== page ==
Markets and Trends

Retail Reinvention in the AI Era

From Omnichannel to Future-forward, Autonomous and Resilient (FAR) Transformation - Part 1
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The retail industry has been on a transformative journey since the dawn of omnichannel in 2009, evolving through digital transformation, AI and mobile everywhere, to the current era of Generative AI and intelligent edge computing.

This evolution has not only reshaped retail software, hardware, and services investments but also significantly impacted the supply chain and frontline workforce. The industry is on a journey to becoming future-forward, autonomous, and resilient (FAR), leveraging AI and GenAI to take retail reinvention even farther. Let’s explore this comprehensive transformation and its implications for the future of retail. Retailers can continue to improve on omnichannel by focusing on the customer, with the most efficient product flows and engaging employee experiences in mind. The path from Omnichannel to FAR is continuous and ongoing as illustrated in the following graphic.

The birth of Omnichannel

I am often credited with coining the term “omnichannel”, which was discussed internally at IDC in late 2008 but published in publicly available editorials in 2009 (RIS News and Chain Store Age). Omnichannel encapsulates a vision for a shopping experience that transcends traditional channel boundaries. This concept emerged from the recognition that consumers were no longer shopping in silos but were instead leveraging multiple channels simultaneously to make informed purchasing decisions.

At its core, omnichannel retailing is about creating a cohesive customer experience across all available shopping channels, including in-store, online, mobile, and social media. This approach is designed to meet the customer where they are, providing flexibility and convenience at every touchpoint.

Technology serves as the backbone of this new retail reality, enabling consumers to navigate through different channels seamlessly. Retailers leveraging cloud, AI, and mobile technologies are better positioned to offer these integrated experiences, thereby not only meeting but exceeding customer expectations.

The implications of this shift are profound. Omnichannel shoppers tend to spend 15-30% more than those who shop via a single channel. Moreover, their loyalty extends beyond mere transactions, influencing others in their network and contributing to a positive brand perception. Retailers that recognize and adapt to this behavior stand to gain significantly in terms of customer loyalty and spending. Omnichannel shoppers are the majority with 77.4% reporting that they actively shop in stores and online (IDC Retail Insights Consumer Sentiment Survey, June 2024). Add shopping within social media apps to the mix and omnichannel influence is even greater.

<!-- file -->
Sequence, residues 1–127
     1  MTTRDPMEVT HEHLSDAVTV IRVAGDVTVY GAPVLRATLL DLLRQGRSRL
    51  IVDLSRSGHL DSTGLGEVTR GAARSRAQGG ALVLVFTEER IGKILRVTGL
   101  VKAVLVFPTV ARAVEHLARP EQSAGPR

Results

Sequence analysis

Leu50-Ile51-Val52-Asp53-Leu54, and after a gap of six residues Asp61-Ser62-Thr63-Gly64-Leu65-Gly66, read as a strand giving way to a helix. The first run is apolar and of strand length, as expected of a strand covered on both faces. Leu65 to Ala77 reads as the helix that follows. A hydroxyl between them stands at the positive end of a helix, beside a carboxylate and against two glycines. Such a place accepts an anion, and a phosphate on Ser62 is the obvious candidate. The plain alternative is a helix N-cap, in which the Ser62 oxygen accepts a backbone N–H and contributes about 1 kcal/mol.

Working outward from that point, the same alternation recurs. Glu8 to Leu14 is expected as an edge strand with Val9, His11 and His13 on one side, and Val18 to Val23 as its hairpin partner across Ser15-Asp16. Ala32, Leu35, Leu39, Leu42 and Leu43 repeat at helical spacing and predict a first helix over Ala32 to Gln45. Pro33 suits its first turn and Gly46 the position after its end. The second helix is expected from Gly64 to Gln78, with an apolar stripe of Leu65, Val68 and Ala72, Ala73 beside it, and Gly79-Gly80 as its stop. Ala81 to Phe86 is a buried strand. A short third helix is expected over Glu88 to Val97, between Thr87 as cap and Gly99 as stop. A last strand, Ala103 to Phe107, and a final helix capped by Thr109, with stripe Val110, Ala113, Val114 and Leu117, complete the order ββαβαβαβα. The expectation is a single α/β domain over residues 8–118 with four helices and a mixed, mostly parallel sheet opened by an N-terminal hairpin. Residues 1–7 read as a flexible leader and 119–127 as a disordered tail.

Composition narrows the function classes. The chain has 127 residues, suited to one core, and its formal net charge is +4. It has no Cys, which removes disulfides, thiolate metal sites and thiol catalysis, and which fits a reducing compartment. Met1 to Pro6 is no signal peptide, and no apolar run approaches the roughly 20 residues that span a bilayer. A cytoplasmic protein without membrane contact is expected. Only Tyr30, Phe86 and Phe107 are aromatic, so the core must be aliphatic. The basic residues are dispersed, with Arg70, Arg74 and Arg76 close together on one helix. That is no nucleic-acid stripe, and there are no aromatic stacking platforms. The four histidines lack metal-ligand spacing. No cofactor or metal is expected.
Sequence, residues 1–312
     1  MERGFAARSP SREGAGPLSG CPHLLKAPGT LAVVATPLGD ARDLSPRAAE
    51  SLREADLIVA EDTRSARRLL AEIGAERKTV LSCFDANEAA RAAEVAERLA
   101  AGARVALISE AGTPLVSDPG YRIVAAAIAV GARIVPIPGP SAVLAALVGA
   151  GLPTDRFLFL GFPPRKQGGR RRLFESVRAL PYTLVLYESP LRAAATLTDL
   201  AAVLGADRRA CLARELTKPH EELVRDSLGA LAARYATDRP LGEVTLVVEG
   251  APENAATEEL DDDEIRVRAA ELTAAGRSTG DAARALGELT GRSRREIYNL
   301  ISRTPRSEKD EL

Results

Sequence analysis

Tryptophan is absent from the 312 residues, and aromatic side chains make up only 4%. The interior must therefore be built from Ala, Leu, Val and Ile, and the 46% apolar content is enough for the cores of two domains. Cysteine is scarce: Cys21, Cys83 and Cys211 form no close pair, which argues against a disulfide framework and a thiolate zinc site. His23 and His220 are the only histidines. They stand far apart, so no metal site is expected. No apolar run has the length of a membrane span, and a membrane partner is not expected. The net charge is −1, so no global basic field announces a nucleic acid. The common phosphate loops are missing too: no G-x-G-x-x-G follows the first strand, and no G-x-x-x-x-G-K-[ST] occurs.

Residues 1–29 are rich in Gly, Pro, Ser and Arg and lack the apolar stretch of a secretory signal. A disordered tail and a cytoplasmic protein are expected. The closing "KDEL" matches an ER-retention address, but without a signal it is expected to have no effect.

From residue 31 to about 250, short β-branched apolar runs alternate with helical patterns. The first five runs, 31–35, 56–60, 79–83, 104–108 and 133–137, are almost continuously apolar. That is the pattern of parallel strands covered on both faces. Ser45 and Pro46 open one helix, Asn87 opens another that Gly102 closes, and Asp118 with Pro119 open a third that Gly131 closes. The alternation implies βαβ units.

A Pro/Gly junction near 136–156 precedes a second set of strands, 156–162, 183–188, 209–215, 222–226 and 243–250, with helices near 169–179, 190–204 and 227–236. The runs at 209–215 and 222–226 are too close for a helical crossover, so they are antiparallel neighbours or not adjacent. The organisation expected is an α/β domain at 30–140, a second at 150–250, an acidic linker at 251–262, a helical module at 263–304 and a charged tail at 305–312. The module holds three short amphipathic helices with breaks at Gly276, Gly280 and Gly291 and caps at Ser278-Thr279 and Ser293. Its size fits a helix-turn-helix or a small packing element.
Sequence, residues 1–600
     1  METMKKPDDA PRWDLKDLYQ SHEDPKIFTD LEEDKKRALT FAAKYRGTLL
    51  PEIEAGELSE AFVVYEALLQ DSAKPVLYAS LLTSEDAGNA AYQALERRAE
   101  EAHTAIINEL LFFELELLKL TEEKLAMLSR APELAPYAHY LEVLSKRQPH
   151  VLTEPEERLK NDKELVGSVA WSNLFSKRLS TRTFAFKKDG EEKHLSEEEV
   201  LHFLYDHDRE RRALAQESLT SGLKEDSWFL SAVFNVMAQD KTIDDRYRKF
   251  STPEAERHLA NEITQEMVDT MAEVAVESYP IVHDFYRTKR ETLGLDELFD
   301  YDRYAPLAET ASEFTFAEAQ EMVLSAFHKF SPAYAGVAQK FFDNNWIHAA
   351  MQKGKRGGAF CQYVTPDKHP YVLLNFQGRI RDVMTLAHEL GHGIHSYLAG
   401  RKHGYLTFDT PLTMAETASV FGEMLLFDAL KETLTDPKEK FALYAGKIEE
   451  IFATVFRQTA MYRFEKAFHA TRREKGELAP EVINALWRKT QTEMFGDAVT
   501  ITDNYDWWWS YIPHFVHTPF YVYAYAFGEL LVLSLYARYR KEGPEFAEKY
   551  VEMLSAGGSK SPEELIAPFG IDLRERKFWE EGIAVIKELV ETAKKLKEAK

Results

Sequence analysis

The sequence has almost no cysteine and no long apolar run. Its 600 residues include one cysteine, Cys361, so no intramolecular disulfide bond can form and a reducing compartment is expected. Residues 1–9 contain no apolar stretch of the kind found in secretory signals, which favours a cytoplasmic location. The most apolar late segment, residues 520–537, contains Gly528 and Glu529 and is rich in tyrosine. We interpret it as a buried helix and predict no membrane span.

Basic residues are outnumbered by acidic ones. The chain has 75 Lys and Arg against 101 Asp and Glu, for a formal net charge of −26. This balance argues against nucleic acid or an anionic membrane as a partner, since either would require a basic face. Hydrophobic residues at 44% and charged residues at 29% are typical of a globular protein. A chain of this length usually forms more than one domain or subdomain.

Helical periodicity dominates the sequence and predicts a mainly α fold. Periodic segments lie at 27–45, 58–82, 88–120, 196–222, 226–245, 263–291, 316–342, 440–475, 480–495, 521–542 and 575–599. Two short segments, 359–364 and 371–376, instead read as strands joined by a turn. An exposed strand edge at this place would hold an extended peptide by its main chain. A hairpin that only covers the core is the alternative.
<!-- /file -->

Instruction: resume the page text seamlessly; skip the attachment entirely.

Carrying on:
The Dawn of Omnichannel: Laying the Foundation

In 2009, the retail industry began to embrace the omnichannel approach, aiming to provide a seamless shopping experience across online and offline channels. Initial investments focused on software solutions for integrating these channels, such as eCommerce platforms and Customer Relationship Management (CRM) systems. Hardware investments aimed at enhancing the in-store experience with upgraded Point of Sale (POS) systems and in-store Wi-Fi. The supply chain saw the beginning of digital tracking systems, while the frontline workforce had to adapt to new technologies, requiring training and adjustments in their roles.

Digital Transformation: Expanding Capabilities

As the decade progressed, the focus shifted towards digital transformation, necessitating a broader range of investments. Retailers poured resources into developing mobile apps and optimizing websites for mobile shopping, recognizing the growing trend of smartphone usage. Cloud computing services became essential, offering the scalability needed to handle increasing online traffic and data storage. Hardware investments expanded to include ruggedized- and consumer- mobile devices and tablets for sales assistants and interactive kiosks to enrich the in-store experience.  The supply chain benefited from investments in digital planning and logistics platforms, improving efficiency and visibility. The frontline workforce faced the challenge of integrating digital tools into their daily operations, necessitating ongoing training, and unleashing a desire to be connected to information to improve customer service. The era also saw a rise in cybersecurity investments, protecting the vast amounts of consumer data being collected. Regulations started emerging that require that retailers give Consumers choice in what and when data is collected with the ability to request that the data is not shared and/or deleted.